Virtual NFL Draft: A Look Into The Future?


Baylee Krulewitz, Staff Writer

It goes without saying that this year’s NFL Draft was unlike any draft that’s occurred before. There were virtual fans, 600 home camera setups, and some 55 million fans watching (a record-breaking figure). With all these pioneering technologies, I’m left with one underlying question that applies to the draft and the world as we know it: What are we going to take away from this bizarre experience? 

Let’s start with a negative. As a fan, my favorite part of the draft is seeing players’ reactions when their name gets called by Roger Goodell. From the initial surprise to the emotional outbursts to the hugs and handshakes on stage, I feel like I’m a part of something. In this new virtual draft, there were home cameras set up so you could see the players. 

Theoretically, this sounds like the right solution. You don’t get the moment with the commissioner, but you still get to see the pick. That’s how it would’ve played out in an ideal world. Unfortunately, that didn’t happen. Instead, by the time they had switched the camera to the home view of the player, most of them had passed their genuine reaction. This isn’t the end of the world, but it’s one of those things that I (among others) took for granted in drafts past. 


The second thing I want to point out is the virtual fans. There are people there to cheer and applaud once the pick is announced in the real draft. The production team had to come up with something different this year so there wouldn’t be excruciating silence every five minutes.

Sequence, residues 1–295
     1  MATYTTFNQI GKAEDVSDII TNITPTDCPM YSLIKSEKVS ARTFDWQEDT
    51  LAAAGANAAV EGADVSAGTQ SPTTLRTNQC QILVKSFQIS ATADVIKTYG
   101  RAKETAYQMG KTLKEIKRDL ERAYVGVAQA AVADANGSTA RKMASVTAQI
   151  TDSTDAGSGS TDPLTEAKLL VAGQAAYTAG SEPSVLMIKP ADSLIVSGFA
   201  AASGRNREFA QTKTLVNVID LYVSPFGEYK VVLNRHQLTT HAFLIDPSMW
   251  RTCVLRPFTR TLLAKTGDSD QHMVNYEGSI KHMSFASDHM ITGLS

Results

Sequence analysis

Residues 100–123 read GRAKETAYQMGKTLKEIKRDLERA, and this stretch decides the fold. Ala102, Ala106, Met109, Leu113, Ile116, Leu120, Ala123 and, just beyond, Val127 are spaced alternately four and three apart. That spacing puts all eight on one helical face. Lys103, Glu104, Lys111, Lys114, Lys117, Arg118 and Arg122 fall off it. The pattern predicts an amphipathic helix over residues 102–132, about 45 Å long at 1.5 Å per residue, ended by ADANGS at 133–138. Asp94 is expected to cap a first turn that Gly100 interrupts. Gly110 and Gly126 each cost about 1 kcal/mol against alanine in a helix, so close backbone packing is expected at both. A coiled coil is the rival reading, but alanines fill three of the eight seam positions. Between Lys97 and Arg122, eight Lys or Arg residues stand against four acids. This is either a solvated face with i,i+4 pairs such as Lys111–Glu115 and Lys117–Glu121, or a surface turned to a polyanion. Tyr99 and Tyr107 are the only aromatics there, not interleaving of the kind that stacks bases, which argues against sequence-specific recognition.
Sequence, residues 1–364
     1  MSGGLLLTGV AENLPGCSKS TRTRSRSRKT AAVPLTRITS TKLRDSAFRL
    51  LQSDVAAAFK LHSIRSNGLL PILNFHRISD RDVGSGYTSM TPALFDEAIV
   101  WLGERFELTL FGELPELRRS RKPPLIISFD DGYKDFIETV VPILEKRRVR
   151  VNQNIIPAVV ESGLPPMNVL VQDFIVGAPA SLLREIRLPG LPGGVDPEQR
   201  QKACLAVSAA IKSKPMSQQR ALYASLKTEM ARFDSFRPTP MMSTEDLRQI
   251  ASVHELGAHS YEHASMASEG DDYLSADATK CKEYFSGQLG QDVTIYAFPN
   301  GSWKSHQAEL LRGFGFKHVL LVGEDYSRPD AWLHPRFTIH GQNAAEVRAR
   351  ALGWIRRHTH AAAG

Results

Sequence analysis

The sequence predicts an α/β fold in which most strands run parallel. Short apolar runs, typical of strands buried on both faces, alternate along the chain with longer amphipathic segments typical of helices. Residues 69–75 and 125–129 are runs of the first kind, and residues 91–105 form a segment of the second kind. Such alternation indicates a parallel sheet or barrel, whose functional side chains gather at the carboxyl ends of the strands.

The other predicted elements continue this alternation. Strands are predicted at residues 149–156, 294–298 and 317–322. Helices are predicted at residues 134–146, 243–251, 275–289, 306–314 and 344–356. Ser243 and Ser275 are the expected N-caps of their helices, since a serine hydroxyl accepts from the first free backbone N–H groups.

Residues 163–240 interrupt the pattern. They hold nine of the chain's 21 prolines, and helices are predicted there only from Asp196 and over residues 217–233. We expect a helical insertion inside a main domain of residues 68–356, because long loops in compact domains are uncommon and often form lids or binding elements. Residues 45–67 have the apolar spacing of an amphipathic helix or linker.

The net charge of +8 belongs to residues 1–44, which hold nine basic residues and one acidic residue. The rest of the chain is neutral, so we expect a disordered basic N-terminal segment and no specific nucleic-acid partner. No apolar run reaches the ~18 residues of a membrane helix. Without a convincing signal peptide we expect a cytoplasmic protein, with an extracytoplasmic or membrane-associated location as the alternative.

What they chose to do was have live footage of fans from all 32 teams on a TV screen that was sitting behind the commissioner. This way, they could queue up noise whenever they needed it. And I have to give it to them. This is a smart idea, and it made the draft feel a little more normal, even if it was a little unnatural. 

Even though I was bashing the home camera situation earlier, it was better than nothing. Seeing inside the homes of players, GMs, and head coaches give fans a peek into their non-football lives. All of the players had family and friends with them, and there were quite a few kids and pets to get featured on screen. 

I especially respect the coaches and general managers, because this was drastically different from their typical setup, and they’re the ones making the decisions. In a standard draft, they would be in something called a “war room” at their team headquarters. This is just a room where they analyze all the available picks and decide who would be best for their team. Usually, there would be a camera in there, and the shot of a team’s war room would be put up when it was their turn to pick. 

However, this year, they obviously couldn’t be in such close contact, so they had to discuss the pick over a video call. As students, we know firsthand how much more difficult it is to communicate virtually than in person, so this brings me a greater appreciation for the work they did. 

All things considered, I think the draft went well. Fans were super excited to watch it since it was the first live sports event in weeks, and as a fan, I was pleased. Looking to the future, this shows us a couple of things. First, the draft can run successfully under stressful and unprecedented conditions. And second, fans like new things, because compared to last year, viewership went up 37%!